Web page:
Composer Will Todd [Photo: Andy Holdsworth]
Sandwiched between performances of Opera North’s Silent Night at Leeds Town Hall was another premiere, Will Todd’s Songs of Love & Battle, paired with Henryk Górecki’s Symphony of Sorrowful Songs. Review: NEIL MUDD.
An altogether more concentrated affair to Opera North’s seasonal big-hitter Silent Night, Songs of Love & Battle marked the return of the company’s former Director, Richard Farnes, to conduct its Orchestra and Youth Ensembles.
Apparently a little phased by such a bold statement topic as the Great War, Todd and his librettist Maggie Gottlieb have opted instead for a series of broad strokes and tonal washes with their story of a downed German airman, a Yorkshire farmer’s daughter and her brother, sent to France and poised for the Big Push on the Somme.
‘Even amid the greatest horror, hope and love need not die,’ Gottlieb told Opera North’s website. ‘With the freedom to introduce the other side to our piece, Will and I decided to include music for the Germans in the trenches, and the character of the German airman, sole survivor of a downed Zeppelin in Yorkshire.’
It proves the smart choice, as is the decision to pair Todd’s frenetic ‘micro-opera’ with a second half performance of Górecki’s third symphony, the so-called Symphony of Sorrowful Songs. In his pre-concert talk, Todd jokes that the entirety of his work would fit into the first movement of the Polish composer’s glacial elegy to separation and loss. That may be so, but there is a synchronicity between the two pieces.
Songs of Love and Battle is a tonal piece, an interplay of innovative discordant orchestration, circling harmonic ornamentation and music of the period perfectly suited to the strident enthusiasm of Opera North’s various youth choruses and canorous phrasing of soprano Fflur Wyn and baritone Johnny Herford
As conductor, Farnes coaxes and cajoles with authority and skill, urging his musicians and singers to seize upon the bitter chaos and poignancy of Todd and Gottlieb’s collabtoration.
The librettist appropriates some lines of Byron as a sort of poetic lingua franca. It affords the work some of its most lyrical and beautiful passages: ‘Why do you drop bombs?’ demands Wyn’s F of the German airman as he speaks of love even as he dies in her arms. ‘Wouldn’t it be better if you dropped poems?’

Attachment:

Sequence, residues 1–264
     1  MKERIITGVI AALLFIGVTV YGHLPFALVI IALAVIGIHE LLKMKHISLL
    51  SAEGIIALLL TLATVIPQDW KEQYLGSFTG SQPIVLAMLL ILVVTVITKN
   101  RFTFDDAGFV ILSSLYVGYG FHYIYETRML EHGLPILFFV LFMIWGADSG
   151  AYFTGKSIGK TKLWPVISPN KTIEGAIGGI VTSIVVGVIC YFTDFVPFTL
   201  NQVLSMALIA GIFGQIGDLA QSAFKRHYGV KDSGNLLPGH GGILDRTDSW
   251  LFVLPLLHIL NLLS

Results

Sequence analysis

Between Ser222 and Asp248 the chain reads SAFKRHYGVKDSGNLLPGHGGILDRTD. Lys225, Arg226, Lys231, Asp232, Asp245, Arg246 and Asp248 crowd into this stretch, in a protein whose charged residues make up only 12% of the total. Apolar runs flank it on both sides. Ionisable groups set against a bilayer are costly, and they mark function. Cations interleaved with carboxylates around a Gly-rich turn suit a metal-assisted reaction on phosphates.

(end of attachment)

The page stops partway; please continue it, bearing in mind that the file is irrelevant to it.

Songs of Love & Battle is strong on the human reckoning of war: Gottlieb has said the conflict is ‘recent enough to still exist in the memories of most families, (but) distant enough for us to see it (as) a kind of explosion of the cumulative stresses caused by the power-struggles of a handful of jockeying imperial powers.’
The work ends almost as it begins, only this time it is not a zeppelin coming down in Northern England, but the balloon going up in Northern France. Cacophonous, cathartic, the intoning of casualty figures a litany of unimaginable enormity, it is testament to Todd’s writing for the youngest performers in the house that it is passionate and powerful, not trite and sentimental.
Songs of Love and Battle provides a narrative on the pain and devastation of war, and a perspective on the young lives lost on both sides,’ the composer has said. On the evidence of tonight’s concert, what it also offers is hope and that is one battle which is always worth engaging in.
Orchestra of Opera North – The Songs of War was commissioned by Opera North and dedicated to its youth ensembles as part of its programme to mark this year’s Armistice Centenary.